It is Saturday of Holy Week. We want to start with Kali Anastasi (Happy Resurrection of our Lord) to those who also celebrate Orthodox Easter. We are starting preparations for tomorrow (Easter Sunday), as are many families. Like ours, many other families who start preparing the Easter Feast from Saturday.
Actually, we probably started on Wednesday night after church, when we first made our Tsoureki. Then, Thursday (or Saturday for some) we dyed the red eggs. Thursday we also made our pites (pies) and started to pull out our serving dishes for various foods. We don't do any preparations on Friday because... well, because it is Holy and Good Friday, and that is just not right. So, Saturday comes and we scurry to get as much done as we can. One of the things that we cannot rush, and we cannot put off is getting the lamb ready for the souvla (the barbecue spit) . This year, we were lucky enough to have a good cousin to help us with this process. Cousin invited his father, father-in-law, and brother-in-law to join in the fun so that we had our hands free for photography. We wanted to find the best way to explain how to put the lamb on the souvla (the spit), season and tie it so that tomorrow, as it is cooking, you will know that the amount of work preparing the feast was so well worth it!
The first ting is that this is an art form. There are millions of people doing this same task, and we can safely guess that there are a million and one ways to do it the "right" way. Here are some links to YouTube videos on how some "Souvla Artistes" do their thing (here, here and here).
Different parts of Greece will have different seasonings, where different households will have different tools and methods. It just depends who you are with and what they like. We even know some people who will use all the same seasonings that we do, they tie the animal the same way, but they don't use a lamb -- they choose goat instead. So, you don't have to follow these exact steps; nor do you have to use a lamb!
First, buy the lamb. Most butcher stores around our house are aware of the Orthodox calendar, and know that they can get a good market on lambs this week. So, we did a little comparison shopping. The five stores that we checked all had similar pricing, with a $20 spread. For one 36-pound lamb, fully cleaned, we paid about $200.00 CDN. That may sound like a lot of money, but when you expect to feed 20 to 25 people off one animal, the price really comes down a lot. Everyone who comes is to bring a side dish or dessert. So, we don't really know what else will show up on the table, we just know that we are going to have lamb, and enjoy savouring the animal that we have not had since March.
So, with few words, here are the photographs which we took today. We would love to thank our cousin B., his father, his father-in law and his brother-in-law for giving allowing us to observe and record today's preparations. We not only appreciate their generosity but we also hope that today's entry will inspire some of our many readers (today we had over 300 from about 40 countries all around the world) to venture out and plan on roasting their own lamb on a spit next year.
|This is a custom-made 5 foot long (1.5 m) stainless steel spit ordered from Montreal, Canada. The sand in the bottom prevents flare-ups.|
|No motorized skewer for our cousin. He's lucky to have a father-in-law who insists on turning it entirely by hand. That way, the lamb is guaranteed to be beautifully cooked, not burned!|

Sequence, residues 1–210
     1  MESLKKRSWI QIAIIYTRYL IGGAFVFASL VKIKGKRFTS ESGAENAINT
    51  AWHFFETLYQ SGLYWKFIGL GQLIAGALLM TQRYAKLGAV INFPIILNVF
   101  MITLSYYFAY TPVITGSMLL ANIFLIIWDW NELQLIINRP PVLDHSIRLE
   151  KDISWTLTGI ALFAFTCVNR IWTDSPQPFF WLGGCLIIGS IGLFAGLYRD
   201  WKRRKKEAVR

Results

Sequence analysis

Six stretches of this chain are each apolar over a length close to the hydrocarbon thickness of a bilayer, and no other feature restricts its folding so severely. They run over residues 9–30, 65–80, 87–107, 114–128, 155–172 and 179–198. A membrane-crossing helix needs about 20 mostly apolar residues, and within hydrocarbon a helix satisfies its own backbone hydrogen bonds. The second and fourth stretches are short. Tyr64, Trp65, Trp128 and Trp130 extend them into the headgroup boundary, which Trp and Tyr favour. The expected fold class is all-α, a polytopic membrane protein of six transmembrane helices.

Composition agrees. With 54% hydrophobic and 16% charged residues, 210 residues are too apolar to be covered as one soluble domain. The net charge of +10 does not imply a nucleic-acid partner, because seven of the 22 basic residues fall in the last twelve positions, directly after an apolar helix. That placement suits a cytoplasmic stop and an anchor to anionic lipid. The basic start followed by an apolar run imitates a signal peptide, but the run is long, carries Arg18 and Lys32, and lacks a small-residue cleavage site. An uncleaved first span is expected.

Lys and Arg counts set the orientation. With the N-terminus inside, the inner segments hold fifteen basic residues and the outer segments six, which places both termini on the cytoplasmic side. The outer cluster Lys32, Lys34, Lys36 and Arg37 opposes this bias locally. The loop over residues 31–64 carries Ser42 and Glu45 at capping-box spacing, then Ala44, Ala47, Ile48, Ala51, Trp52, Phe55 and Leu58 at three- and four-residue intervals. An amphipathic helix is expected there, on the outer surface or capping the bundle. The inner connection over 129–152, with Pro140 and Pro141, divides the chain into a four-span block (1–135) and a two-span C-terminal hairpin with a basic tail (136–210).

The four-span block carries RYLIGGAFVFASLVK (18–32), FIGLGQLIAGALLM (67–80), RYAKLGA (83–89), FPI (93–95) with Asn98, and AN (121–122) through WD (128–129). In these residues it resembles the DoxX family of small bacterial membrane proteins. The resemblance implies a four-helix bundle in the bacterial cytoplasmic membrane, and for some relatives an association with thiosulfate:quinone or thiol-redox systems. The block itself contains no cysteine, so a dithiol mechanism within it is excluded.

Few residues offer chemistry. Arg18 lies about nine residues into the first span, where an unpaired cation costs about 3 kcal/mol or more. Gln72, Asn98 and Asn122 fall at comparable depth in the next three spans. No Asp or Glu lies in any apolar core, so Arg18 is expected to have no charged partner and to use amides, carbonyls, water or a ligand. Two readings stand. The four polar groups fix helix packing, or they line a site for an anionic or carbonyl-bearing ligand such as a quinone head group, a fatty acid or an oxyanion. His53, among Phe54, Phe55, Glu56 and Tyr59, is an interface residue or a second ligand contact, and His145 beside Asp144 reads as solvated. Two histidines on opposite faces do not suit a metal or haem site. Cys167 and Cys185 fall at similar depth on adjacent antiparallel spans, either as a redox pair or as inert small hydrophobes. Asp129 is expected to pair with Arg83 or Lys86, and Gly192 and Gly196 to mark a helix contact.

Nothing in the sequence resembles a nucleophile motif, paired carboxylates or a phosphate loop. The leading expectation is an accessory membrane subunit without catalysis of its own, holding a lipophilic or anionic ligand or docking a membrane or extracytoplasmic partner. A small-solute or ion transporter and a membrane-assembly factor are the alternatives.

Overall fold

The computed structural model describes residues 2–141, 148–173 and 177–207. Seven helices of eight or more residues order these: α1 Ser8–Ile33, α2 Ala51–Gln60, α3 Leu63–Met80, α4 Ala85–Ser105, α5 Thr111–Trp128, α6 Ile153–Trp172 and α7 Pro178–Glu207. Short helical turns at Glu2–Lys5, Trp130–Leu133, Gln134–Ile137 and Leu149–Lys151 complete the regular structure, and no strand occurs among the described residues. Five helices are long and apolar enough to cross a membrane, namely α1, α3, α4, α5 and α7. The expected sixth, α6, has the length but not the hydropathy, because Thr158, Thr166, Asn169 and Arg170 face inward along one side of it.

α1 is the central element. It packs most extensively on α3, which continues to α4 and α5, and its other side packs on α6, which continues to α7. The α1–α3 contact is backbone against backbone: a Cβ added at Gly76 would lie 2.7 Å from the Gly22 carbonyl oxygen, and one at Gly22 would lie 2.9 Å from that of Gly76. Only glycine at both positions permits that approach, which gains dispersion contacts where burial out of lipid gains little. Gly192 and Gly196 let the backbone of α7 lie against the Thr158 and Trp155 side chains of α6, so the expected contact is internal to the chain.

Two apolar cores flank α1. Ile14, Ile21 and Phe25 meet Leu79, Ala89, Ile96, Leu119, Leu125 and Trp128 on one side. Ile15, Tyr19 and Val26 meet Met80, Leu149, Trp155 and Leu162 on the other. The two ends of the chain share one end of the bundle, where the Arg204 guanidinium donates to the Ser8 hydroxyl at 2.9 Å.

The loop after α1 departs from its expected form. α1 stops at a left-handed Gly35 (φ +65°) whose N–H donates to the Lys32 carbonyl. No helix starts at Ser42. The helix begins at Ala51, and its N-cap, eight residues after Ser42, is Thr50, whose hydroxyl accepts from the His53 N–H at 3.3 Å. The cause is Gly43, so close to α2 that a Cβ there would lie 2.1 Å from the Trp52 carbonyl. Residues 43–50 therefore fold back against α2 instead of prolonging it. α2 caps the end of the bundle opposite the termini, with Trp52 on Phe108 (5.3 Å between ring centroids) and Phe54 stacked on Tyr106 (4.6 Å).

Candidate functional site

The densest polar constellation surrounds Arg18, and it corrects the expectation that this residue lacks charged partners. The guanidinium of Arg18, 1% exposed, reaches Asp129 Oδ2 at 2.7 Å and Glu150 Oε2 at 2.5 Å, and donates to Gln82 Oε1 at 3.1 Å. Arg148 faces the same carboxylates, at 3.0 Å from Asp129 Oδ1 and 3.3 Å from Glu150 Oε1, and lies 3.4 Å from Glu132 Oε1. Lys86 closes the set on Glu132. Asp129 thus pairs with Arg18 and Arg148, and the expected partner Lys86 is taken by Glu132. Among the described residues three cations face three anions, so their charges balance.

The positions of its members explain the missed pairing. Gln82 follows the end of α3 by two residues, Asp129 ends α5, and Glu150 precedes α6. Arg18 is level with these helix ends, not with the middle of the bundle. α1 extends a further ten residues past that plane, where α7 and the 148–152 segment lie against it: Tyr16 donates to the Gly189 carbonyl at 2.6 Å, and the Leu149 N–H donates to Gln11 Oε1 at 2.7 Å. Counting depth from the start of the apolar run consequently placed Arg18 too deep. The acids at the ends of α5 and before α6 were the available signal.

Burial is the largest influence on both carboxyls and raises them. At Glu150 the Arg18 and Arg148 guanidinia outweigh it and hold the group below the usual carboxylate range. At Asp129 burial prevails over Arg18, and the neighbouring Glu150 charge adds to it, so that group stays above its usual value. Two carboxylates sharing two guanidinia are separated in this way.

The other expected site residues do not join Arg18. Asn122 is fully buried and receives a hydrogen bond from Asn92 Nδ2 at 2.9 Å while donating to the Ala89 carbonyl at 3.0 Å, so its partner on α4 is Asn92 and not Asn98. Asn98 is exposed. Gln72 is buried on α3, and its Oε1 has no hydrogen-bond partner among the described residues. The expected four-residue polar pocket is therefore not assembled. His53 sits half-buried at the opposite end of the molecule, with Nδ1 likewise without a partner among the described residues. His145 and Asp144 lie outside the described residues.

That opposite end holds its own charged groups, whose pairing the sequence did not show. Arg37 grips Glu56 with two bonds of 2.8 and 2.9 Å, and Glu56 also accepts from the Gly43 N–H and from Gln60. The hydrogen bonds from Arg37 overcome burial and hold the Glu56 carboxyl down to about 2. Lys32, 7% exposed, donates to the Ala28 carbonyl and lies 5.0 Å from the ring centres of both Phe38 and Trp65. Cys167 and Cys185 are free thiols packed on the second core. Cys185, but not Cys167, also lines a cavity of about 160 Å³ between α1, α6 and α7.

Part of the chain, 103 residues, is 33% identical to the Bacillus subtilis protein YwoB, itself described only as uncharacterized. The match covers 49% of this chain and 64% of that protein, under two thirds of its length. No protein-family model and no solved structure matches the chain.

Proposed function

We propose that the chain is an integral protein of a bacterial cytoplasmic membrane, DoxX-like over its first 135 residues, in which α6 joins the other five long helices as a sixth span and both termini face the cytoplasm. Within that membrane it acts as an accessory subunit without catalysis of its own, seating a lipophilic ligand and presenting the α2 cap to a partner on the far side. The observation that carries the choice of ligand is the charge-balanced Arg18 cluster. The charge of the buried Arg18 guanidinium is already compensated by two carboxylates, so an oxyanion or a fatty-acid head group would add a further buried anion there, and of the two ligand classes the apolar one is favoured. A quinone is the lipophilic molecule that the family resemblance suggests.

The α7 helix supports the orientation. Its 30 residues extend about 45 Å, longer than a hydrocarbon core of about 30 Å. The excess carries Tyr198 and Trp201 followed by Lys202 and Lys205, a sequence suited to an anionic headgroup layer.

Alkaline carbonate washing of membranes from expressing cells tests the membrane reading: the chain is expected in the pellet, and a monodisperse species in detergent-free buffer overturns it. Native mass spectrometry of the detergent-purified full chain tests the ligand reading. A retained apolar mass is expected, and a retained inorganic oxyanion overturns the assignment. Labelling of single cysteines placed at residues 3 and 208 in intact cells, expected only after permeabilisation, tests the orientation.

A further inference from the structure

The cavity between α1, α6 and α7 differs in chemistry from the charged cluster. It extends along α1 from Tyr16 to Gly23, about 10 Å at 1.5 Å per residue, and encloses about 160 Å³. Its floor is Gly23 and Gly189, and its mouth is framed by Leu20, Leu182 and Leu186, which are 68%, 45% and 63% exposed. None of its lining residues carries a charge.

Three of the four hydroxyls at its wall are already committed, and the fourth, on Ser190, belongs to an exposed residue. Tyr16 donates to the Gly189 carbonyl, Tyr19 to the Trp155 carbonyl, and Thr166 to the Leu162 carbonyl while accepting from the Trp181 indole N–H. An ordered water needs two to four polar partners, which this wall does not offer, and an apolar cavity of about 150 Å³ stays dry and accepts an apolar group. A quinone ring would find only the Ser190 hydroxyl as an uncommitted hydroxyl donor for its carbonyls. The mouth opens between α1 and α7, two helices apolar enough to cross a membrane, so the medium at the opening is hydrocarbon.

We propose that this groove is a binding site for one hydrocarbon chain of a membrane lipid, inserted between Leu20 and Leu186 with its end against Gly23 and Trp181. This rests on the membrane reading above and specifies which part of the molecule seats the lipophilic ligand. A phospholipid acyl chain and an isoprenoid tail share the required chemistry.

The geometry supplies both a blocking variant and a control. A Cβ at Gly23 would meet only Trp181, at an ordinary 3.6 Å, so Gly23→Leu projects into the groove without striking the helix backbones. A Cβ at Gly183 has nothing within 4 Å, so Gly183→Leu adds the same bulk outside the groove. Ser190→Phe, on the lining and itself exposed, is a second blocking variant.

|Small branches are used in the bottom to create the first embers...|
|...followed by larger, very dry thicker branches.|
|The tools were ready from the last time the souvla was used. The lemons, freshly cut and the spices were measured yesterday evening.|
|From top left to right (garlic powder, black pepper, salt)|
Bottom row left to right (chopped fresh garlic, Greek oregano, paprika)
|The star of tomorrow's dinner is about 30 lbs (about 12 kg). It is fresh, Ontario-grown lamb.|
|The organs are removed. The intenstines were already removed by the butcher.|
|The lamb is put on its side. The food stamp on the right shoulder is food-grade, usually made of a vegetable-based dye.|
|The skewer is pushed from the back of the lamb towards the front.|
|The big U-Clamp is pushed and secured into the hind of the animal.|
|Another U-Clamp is pushed and secured in from the back of the lamb.|
|Altogether, 6 U-Clamps have been used. Now, stainless steel wire is used to keep everything secure.|
|The U-Clamps as seen from the inside of the body cavity.|
|The squeezed lemons are left inside and the spices have covered the lamb's interior.|
|Next, the stainless steel wire is used to close the front of the lamb, with all the spices and lemons left inside.|
|The final 'suture' is closing the lamb totally shut.|
|About 6 complete lemons cut in half are squeezed all over the outside, top of the lamb and bottom.|
|Salt is applied to the outside (top and bottom)...|
|...as is black pepper and...|
|...and fragrant Greek oregano.|
|The spices are patted and rubbed into the skin to stick onto the skin well.|
|All the spices are in place. Now, for the...|
|...cloves of garlic which are pushed under the skin where a sharp knife has made holes throughout the lamb.|
|After the garlic pieces have bee placed inside the lamb's flesh, new, food-grade plastic bags (which came from the butcher) are put over the lamb.|
|The first of our two lambs (two will be cooked tomorrow) is ready to be put into our cousin's walk-in cold storage. Wow, we wish we had one of those!|
We are now going to get ready for an afternoon rest, followed by our preparation for the Resurrection Liturgy that will take place tonight.